On the test track. I first tested the locomotive under direct current. Sounds responded with a realistic startup sequence when track voltage reached 7V. The model didn’t start to move, though, until I applied 8.5V to the rails, rolling at 3.2 scale mph. The engine reached 27 scale mph at 12V and topped out at 37 scale mph at my power pack’s maximum voltage of 13.5V. This speed is lower than the prototype’s top speed of 83 mph when geared for passenger use.

The only sound effects in DC were automatic ones. In addition to the diesel motor, which ramped up and down with the throttle, there was also a barely audiable rail clickety-clack. I liked that when I lowered the voltage between 6V and 7V, the decoder played a shutdown sequence, rather than just stopping.

Under Digital Command Control, the engine’s speed curve was much more prototypical. It started at 4 scale mph, and topped out at 73 scale mph.

One lighting effect I hadn’t noticed on another locomotive before this one: Pushing the DCC throttle’s “Emergency Stop” key not only stops the locomotive, it also triggers the nose-mounted red emergency beacon.

DCC tricks. I wanted to try out all the fancy braking modes senior editor Dana Kawala is always raving about, so after programming momentum values of 50 into Configuration Variable (CV) 2 (acceleration) and CV3 (deceleration),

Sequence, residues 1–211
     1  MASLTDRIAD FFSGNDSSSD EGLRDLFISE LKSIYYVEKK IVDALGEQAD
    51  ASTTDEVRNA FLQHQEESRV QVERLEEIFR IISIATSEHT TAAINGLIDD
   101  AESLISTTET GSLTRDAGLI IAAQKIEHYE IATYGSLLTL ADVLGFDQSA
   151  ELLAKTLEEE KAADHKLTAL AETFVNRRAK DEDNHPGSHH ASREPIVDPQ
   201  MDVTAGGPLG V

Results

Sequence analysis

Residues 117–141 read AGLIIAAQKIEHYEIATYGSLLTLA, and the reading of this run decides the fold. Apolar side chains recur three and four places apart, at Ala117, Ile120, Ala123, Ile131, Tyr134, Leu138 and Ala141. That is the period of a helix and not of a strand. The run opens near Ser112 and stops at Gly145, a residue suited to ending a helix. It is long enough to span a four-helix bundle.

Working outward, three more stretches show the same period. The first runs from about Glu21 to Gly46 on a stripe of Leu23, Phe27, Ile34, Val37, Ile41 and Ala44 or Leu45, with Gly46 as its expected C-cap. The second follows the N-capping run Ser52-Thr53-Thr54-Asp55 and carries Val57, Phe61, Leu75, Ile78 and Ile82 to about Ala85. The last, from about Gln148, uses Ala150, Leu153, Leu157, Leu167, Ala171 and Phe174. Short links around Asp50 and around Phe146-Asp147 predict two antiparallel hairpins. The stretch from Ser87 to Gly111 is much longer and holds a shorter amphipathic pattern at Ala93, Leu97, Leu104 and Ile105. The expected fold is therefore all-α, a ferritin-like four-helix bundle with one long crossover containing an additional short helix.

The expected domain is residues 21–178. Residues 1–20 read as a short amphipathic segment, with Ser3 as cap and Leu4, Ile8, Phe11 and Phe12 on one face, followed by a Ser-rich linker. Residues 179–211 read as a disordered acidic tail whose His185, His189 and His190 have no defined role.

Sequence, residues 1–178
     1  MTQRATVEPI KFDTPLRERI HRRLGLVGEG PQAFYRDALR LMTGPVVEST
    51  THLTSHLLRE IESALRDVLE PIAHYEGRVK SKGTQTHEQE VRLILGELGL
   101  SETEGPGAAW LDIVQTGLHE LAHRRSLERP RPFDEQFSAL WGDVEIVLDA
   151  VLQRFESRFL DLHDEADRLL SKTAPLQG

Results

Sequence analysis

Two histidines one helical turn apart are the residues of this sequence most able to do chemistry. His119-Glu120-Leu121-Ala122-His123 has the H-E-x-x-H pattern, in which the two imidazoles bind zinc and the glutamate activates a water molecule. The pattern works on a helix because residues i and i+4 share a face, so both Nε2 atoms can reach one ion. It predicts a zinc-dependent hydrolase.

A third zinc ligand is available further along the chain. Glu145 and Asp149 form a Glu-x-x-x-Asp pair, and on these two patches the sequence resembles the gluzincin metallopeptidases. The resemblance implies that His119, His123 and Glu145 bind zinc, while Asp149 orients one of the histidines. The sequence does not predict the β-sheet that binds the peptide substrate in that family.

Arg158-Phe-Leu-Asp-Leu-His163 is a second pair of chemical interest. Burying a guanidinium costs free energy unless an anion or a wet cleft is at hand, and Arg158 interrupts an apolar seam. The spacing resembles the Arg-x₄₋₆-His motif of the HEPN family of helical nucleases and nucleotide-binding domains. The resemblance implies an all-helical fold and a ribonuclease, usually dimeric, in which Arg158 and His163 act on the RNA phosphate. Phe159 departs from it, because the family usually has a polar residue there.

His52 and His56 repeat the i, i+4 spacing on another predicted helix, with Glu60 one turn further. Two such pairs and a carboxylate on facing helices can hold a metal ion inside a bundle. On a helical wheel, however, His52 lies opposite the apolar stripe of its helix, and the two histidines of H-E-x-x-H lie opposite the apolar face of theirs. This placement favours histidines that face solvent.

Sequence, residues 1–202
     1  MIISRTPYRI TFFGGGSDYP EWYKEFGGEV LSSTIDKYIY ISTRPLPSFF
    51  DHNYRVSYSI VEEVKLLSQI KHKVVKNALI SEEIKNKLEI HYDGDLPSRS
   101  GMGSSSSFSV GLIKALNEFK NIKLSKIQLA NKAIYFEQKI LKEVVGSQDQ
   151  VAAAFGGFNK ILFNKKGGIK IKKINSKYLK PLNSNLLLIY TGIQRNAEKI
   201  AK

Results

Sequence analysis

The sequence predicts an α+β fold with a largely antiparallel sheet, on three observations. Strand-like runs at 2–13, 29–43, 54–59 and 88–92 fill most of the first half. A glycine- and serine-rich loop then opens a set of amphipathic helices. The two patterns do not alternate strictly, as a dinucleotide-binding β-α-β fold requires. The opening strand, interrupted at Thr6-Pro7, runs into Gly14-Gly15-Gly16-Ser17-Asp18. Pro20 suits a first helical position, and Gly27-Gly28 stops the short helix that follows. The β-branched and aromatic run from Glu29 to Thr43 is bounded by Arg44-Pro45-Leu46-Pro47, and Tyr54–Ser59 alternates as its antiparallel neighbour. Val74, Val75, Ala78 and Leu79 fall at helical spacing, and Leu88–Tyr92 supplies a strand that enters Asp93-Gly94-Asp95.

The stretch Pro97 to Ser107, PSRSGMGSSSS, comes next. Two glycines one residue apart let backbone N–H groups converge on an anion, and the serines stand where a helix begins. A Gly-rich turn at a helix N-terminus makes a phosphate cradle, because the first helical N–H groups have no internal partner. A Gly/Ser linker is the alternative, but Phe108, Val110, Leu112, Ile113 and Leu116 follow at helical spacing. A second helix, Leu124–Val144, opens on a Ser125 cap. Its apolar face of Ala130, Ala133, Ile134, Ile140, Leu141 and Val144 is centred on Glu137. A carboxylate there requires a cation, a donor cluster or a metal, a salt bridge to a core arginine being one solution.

I programmed 150 into CV116 (independent brake), CV117 (dynamic brake), and CV118 (train brake). I then tried in vain to trigger the braking effects, until Dana pointed out that I hadn’t enabled that feature by programming indexed CV1.403 to 0. Once I did so, function key F12 triggered the train brakes as advertised, gradually bringing the train to a squealing stop. Releasing the brakes brought it back up to speed.

The decoder had the steam generator sound effect pro­gram­med for function key F20. Since F6 wasn’t used by our model, I remapped the steam generator sound to that key, making it easy to toggle with one press.

I also programmed the long address to the cab number. For more programming tips, a free Tsunami2 manual is available for download at

In our real-world hill-climb test, the engine pulled five passenger cars up a 3 percent grade without slipping. On the way back down, it was fun to push F4, hear the dynamic brakes kick in, and watch the locomotive actually slow by the amount I’d programmed.

As good as it gets. Each new generation of decoders brings the operational capabilities of our models that much closer to those of the prototype. With SoundTraxx’s new Tsunami2 decoder and Athearn’s smooth-running Genesis drivetrain wrapped in an accurately modeled exterior, who could ask for more?

Price: $189.98 (DC, no sound), $279.98 (DCC sound)
1600 Forbes Way, Suite 120
Long Beach, CA 90810
Era: 1976 to 1983 as decorated for Southern Pacific no. 3197
Road names: Southern Pacific (Bicentennial scheme, one number; “bloody nose” scheme, four numbers), Union Pacific (two numbers)
• Blackened metal RP-25-contour wheels, in gauge
• Cab interior with movable cab windows
• Directional light-emitting-diode lighting
• Five-pole, skew-wound motor with dual brass flywheels
• Minimum radius: 18"
• Plastic McHenry knuckle couplers, at correct height
• SoundTraxx Tsunami2 DCC decoder or DCC-ready with 21-pin QuickPlug
• User-installed train number decals
• Weight: 13.8 ounces